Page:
Let me guess, you’re in the car frantically searching where on earth (or, to be more specific, where in Candelaria, Quezon) is this famous crispy pata. You’re also trying to figure out which tastes better — the JIJF crispy pata or the Lutong Bahay ni Inay crispy pata. Let me start by saying that there’s only one famous crispy pata in Candelaria — the JIJF Lutong Bahay ni Inay. Scroll down to see the exact location of the two branches of JIJF.
We originally planned to have lunch in either JIJF or Lutong Bahay ni Nanay on the trip to Legaspi City, the stop-over area before the final push to Donsol. We planned to see the butanding (whale shark) and we figured we need all the energy to swim after the butanding.
We left Manila real early and we arrived in San Pablo City when it was still dark. We thought the San Pablo – Tiaong – Candelaria leg would take hours, but we were wrong. We passed Candelaria at 5:20 a.m. There goes our lunch plan. And there goes the crispy pata, which is not as bad because we thought we didn’t know the exact address anyway. We’ll capture the crispy pata on the return trip. We’ll know the travel conditions and travel time by that time.
The sheer number of beautiful churches along the way messed up our return trip schedule. At 2:30 in the afternoon, with our stomachs in serious upheaval, we reached Candelaria. First option, ask around. “Manong, pwede magtanong? Saan po yung masarap na crispy pata ng Candelaria? JIFJ yata pangalan nun.” He was clueless. We repeated the process three times. No luck. We resorted to the time-tested tool, the internet. We tried it before but didn’t find any clue. We found one clue — there’s a branch in San Antonio Village.
Wonder of wonders, that’s the exact time we saw the arch with the big, lovely “San Antonio Village” on top. It’s nothing short of a miracle, really.
Hit the breaks. Look at the rearview mirror. Reverse gear. Pedal to the metal on reverse gear. Dust and pebbles flying on the unpaved highway shoulder. Get out of the way, you freakin’ 10-wheeler container van! We were trying hard to control our temper. If that 10-wheeler is the only thing between us and the crispy pata, I’d reveal my secret identity, retrieve my golden barbell, and shout: Captain . . . you know the rest.
A structure that resembles a guardhouse stands at the end of the 50-meter entry road. There’s no guard inside. A few big houses. Not a soul is stirring in this open-space village. There’s a sign — JIJF Lutong Bahay ni Inay, with a big red arrow pointing left.
My gulay, it’s the most beautiful sign I’ve ever seen. Well, not exactly all-time, but nothing comes close to it at that time. I wanted to stop the car, step out, run to the sign, and hug it. Give it a big kiss for good measure. Hunger could make a man do strange things. With the last ounce of sanity, I followed the sign. Must . . . have. . . crispy pata.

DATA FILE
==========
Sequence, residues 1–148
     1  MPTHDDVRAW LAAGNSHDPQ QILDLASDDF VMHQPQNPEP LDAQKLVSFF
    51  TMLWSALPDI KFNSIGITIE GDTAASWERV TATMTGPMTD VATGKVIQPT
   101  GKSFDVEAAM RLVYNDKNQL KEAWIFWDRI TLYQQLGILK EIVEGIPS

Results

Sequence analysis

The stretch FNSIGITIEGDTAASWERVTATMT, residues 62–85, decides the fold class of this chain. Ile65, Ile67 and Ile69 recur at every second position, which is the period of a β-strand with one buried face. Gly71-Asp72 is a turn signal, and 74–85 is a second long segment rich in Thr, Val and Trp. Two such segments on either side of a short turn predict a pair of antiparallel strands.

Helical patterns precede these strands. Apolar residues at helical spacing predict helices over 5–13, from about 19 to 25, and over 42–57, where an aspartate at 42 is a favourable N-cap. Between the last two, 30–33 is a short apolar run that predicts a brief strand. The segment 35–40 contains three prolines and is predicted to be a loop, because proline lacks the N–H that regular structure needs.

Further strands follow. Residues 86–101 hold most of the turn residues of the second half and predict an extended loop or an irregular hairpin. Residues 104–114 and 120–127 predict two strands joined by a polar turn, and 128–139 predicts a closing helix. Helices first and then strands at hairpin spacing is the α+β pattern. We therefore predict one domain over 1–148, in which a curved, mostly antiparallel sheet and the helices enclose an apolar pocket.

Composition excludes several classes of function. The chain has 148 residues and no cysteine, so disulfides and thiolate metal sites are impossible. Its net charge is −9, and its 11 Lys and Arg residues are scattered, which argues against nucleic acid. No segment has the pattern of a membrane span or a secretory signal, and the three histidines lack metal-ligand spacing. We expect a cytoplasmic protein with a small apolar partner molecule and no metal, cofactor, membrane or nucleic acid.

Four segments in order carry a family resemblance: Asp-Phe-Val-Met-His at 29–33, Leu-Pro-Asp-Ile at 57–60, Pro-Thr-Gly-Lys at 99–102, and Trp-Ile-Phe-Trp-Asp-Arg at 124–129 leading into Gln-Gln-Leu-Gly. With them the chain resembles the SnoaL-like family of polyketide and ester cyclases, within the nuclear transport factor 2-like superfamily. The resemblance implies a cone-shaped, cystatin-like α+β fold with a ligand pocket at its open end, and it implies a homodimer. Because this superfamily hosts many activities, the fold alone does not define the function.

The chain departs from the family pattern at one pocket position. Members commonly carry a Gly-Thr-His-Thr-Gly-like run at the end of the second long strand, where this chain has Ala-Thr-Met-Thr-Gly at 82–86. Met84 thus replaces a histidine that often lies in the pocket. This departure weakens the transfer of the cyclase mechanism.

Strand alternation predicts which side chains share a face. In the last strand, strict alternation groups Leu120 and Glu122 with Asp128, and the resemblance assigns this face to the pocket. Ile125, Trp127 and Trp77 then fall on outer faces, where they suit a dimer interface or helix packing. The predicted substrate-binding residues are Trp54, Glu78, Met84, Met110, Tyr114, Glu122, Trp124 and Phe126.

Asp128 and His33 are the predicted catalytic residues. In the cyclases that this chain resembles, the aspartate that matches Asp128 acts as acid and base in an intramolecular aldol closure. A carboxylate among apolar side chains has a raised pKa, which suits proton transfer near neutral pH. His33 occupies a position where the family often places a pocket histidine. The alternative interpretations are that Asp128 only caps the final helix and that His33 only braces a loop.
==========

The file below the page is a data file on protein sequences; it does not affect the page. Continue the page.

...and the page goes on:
We were the only guests when we arrived. We ordered, what else, crispy pata. We added Sinigang na Sugpo for variety. Then we sat and waited. Argh, waiting for lunch at 3:00 in the afternoon is torture. The sound of boiled pork leg (sounds more enticing that pig trotter) frying in deep oil, that’s worse. I couldn’t take it sitting down. I needed to do something. Run around the village? Too tiring. Connect to the internet? Good idea, but my son apparently thought of it first. Ah, I’d talk to the people of JIJF.
“Kayo po ba ang may-ari?” (“Are you the owner, sir?”) I asked the man sitting at the other table. I figured he’s not a guest and not a staff. If he’d cross his eyebrows and throw a thunderbolt my way, I really don’t care. I had to take my mind off that crispy pata.
I was expecting the worst. But then he smiled and gently answered, yes, he is the owner. Sir Gin, it turned out, is in charge here, while his wife is manning (or wo-manning?) the main branch in town. “Where’s nanay?”, I asked. This is Lutong Bahay ni Nanay, after all. “She’s in the house,” he replied. I’m not sure if he’s kidding, but he was smiling.
He must have thought I’m crazy, asking weird questions like: Why don’t you have a website? What does JIJF mean? What is the exact address here? How about the branch in the town? What time do you open? What time do you close? Of course I didn’t ask it that way. Sir Gin was kind enough to answer my questions. And draw a map where we can find the main branch.
Oh, yes, the taste. Sorry I got carried away. The Sinigang na Sugpo, with large sugpo as compared to other restaurants, tastes great. The prawn is big, fresh and fat. The soup is full of flavor. Not too thick and not overpowering. It tickles the tastebuds and preps it for the crispy pata.
The crispy pata, on the other hand, is one of the best we’ve tasted. The famous crispy pata both of Malabon (Judy Ann’s) and Navotas (Amelia’s) has a tinge of sweetness. The JIJF crispy pata has a tinge of saltiness, but not salty and not overpowering in flavor. More of a subtle blend of spices. This is crispy pata that is real crispy, you’d eat it to the bones. This is the reason why the JIJF crispy pata is sought after in this part of the Philippines.
We told Sir Gin we’d write an article about the JIJF Lutong Bahay ni Inay so other hungry souls would have an easier time looking for the place. Serbisyo publiko kumbaga. We paid our bill and drove home happy. This is crispy pata that we’d willingly come back for more despite the distance. We’re keeping that promise through this post.